HUFFMAN: Well, I think the first thing is we've got to try to stabilize this mob scene at the Capitol and hopefully de-escalate in a way that avoids more bloodshed. We've got to complete the job we came here to do. We're going to certify that Electoral College outcome. It may take all night tonight, all night tomorrow night, but we're not going to be intimidated or dissuaded from doing that. And then we've got to hold people accountable. You cannot do this to the United States of America. This is not Bolivia. This is not some tinpot dictatorship where you have juntas that just roll through and change the government at the point of a gun. You just can't do this in the United States of America.

REPORTER: From what I understand, a lot of the people who are there rioting were incited by misinformation about voter fraud. I mean, how do we educate people about the facts when it comes to voting?

HUFFMAN: Yeah, well certainly they were lied to. Certainly they were misled. But you know, I guess a couple of things: first of all, those who did the lying and the misleading and the inciting need to be held accountable. And it's really no excuse. I mean, these people should have known better and no amount of discontent over an election loss justifies the kind of violence and thuggery that we've seen today. They don't get a pass.

REPORTER: So I was looking at some of the statements that Congressman Doug LaMalfa has made in the past, and he has also supported President Trump's false claims that the election was stolen from him and that there was voter fraud. I mean, would you count Congressman LaMalfa among the lawmakers who helped instigate this event?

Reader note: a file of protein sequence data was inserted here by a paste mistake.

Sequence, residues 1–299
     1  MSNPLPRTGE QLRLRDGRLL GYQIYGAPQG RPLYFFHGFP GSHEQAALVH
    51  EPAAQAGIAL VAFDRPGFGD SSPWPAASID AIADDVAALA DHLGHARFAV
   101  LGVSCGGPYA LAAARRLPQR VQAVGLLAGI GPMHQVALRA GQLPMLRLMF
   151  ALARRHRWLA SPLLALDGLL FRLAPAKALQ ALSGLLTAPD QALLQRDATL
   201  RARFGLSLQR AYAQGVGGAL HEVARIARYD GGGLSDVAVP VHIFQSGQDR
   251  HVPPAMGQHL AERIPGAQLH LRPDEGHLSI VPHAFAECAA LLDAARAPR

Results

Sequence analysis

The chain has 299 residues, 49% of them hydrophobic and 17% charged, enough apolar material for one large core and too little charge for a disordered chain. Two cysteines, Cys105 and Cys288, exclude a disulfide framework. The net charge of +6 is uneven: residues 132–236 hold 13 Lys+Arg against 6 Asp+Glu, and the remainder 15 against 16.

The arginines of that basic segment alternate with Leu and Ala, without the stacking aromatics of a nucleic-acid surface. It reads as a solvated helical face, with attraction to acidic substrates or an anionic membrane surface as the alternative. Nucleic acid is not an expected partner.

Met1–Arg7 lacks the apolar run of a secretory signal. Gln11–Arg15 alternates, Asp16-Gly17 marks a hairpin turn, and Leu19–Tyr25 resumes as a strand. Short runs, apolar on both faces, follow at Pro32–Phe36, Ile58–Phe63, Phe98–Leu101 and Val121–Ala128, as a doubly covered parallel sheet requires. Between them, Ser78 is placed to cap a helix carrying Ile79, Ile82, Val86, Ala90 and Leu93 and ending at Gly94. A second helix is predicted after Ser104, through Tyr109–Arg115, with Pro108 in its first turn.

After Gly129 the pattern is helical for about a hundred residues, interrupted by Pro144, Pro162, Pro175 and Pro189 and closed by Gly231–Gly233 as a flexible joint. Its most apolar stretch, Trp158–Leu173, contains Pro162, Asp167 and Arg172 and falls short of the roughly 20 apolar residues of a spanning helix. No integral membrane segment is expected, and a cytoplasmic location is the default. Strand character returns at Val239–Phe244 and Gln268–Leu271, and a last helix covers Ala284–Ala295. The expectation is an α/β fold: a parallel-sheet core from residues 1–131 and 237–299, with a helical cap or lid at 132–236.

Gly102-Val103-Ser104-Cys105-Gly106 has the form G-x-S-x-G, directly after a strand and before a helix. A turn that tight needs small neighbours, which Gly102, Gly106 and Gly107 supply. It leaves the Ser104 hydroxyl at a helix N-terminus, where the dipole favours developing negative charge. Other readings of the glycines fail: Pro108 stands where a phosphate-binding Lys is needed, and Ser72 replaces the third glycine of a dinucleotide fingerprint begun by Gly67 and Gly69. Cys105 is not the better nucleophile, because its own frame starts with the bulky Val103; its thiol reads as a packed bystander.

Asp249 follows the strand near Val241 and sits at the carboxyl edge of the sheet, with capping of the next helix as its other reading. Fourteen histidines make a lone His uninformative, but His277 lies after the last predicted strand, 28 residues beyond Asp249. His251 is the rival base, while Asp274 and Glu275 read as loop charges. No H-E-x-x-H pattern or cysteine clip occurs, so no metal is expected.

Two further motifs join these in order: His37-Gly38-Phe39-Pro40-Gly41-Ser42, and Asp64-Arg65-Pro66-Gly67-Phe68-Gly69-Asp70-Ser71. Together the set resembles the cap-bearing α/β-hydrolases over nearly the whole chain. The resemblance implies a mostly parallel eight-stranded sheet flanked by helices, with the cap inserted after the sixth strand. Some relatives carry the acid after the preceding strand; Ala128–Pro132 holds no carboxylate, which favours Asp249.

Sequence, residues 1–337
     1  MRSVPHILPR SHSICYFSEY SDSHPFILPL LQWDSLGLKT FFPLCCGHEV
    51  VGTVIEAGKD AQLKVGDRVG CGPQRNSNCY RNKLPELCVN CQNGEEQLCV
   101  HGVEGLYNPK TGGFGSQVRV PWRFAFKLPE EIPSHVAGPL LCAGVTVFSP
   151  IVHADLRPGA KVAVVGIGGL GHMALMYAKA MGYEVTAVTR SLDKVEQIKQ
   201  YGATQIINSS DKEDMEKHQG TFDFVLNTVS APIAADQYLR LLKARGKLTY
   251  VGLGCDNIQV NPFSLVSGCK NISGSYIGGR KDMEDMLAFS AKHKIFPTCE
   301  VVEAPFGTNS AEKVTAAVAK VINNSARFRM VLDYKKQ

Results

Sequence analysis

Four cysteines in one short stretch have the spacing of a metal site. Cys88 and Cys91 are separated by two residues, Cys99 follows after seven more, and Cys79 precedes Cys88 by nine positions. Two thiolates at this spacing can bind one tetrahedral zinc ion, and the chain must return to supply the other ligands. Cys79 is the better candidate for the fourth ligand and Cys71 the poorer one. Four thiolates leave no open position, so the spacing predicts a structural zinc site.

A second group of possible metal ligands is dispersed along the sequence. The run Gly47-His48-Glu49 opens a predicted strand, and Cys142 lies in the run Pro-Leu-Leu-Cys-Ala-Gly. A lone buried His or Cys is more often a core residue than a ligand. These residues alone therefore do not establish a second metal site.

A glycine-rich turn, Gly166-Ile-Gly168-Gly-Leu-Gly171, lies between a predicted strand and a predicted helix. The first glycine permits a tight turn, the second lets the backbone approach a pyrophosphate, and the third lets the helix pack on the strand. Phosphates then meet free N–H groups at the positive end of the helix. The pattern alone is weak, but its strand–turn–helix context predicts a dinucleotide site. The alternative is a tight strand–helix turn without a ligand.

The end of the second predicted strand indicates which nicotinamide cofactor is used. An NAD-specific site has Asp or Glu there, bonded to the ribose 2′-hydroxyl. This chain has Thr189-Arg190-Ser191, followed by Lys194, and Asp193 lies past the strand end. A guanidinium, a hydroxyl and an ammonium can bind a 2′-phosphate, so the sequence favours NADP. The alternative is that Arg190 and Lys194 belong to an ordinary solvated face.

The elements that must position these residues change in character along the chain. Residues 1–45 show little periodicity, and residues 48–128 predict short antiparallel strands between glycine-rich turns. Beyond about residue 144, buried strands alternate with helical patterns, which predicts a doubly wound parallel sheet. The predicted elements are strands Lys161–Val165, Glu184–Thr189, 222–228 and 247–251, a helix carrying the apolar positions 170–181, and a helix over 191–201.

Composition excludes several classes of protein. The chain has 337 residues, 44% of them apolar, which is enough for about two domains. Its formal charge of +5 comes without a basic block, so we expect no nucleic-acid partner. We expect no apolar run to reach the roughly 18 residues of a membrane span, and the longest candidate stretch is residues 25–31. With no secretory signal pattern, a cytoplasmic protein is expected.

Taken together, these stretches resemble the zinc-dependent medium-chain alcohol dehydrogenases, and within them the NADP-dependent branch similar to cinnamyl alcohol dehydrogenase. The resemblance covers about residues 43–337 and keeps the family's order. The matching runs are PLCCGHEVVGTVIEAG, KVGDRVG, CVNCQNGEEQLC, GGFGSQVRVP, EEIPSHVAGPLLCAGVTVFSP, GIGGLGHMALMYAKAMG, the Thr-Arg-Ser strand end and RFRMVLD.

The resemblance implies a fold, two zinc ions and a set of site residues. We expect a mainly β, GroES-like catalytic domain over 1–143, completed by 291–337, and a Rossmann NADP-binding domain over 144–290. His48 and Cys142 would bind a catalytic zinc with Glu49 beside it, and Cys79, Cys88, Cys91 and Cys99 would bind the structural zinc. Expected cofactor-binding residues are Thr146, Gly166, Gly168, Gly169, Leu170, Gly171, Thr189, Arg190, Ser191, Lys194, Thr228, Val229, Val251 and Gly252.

HUFFMAN: He has some culpability, yes. I get along well with Doug in many ways. I like him, but I say, shame on him for contributing to this disgraceful violent situation today.

REPORTER: I saw you've been making pretty bold statements. You know, you're very straightforward with what you're saying and I've seen a lot of politicians kind of making — they’re kind of touching on the subject but not really saying anything forthright, but you seem to be pretty forthright. Are you concerned that this, I don't know, could impact you personally? Or, how are things going for you?

HUFFMAN: Well, in terms of my personal safety — look, I'm locked down in an office by myself with gas masks and, you know, sirens and explosions all around me. So it is what it is at this point. I never wanted this for our country or for any of us here in the Capitol. But I'm not going to sugarcoat it. We cannot keep pretending that this is somehow benign or innocent or that it's just about the feelings of Donald Trump's base. This is much more sinister than that.

REPORTER: Do you have any other concerns right now that you would like addressed?

HUFFMAN: Now, the biggest concern is just trying to stabilize and deescalate this mob scene in a way that avoids further bloodshed, and I hope we can do that. The next thing is to finish what we came here to do. We're going to certify that Electoral College result. And if you allow a mob scene like this to distract you or delay you or to prevent you from doing that, then they've won. And we're not going to let them win. So those are sort of the immediate priorities. When we get through this, I think we've got to give very serious consideration to all of the accountability, from President Trump at the top to these thugs that are breaking into the Capitol and causing damage — they've got to be held accountable to that — to political accountability for folks like Doug LaMalfa and others who absolutely added fuel to this fire and bear some responsibility for this disgraceful situation.

REPORTER: Thank you so much for your time today.

HUFFMAN: Thank you. I really appreciate it.

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April Ehrlich is an editor and reporter at Oregon Public Broadcasting. Previously, she was a news host and reporter at Jefferson Public Radio.